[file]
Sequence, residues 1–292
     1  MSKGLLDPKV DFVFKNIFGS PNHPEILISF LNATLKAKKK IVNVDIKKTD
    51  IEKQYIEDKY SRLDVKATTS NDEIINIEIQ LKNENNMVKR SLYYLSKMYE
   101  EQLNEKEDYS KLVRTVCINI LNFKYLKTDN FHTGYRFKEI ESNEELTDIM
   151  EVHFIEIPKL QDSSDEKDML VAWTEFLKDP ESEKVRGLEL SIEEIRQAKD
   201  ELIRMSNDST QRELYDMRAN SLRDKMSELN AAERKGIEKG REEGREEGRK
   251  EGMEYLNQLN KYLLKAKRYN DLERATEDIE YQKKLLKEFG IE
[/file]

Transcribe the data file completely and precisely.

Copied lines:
Sequence, residues 1–292
     1  MSKGLLDPKV DFVFKNIFGS PNHPEILISF LNATLKAKKK IVNVDIKKTD
    51  IEKQYIEDKY SRLDVKATTS NDEIINIEIQ LKNENNMVKR SLYYLSKMYE
   101  EQLNEKEDYS KLVRTVCINI LNFKYLKTDN FHTGYRFKEI ESNEELTDIM
   151  EVHFIEIPKL QDSSDEKDML VAWTEFLKDP ESEKVRGLEL SIEEIRQAKD
   201  ELIRMSNDST QRELYDMRAN SLRDKMSELN AAERKGIEKG REEGREEGRK
   251  EGMEYLNQLN KYLLKAKRYN DLERATEDIE YQKKLLKEFG IE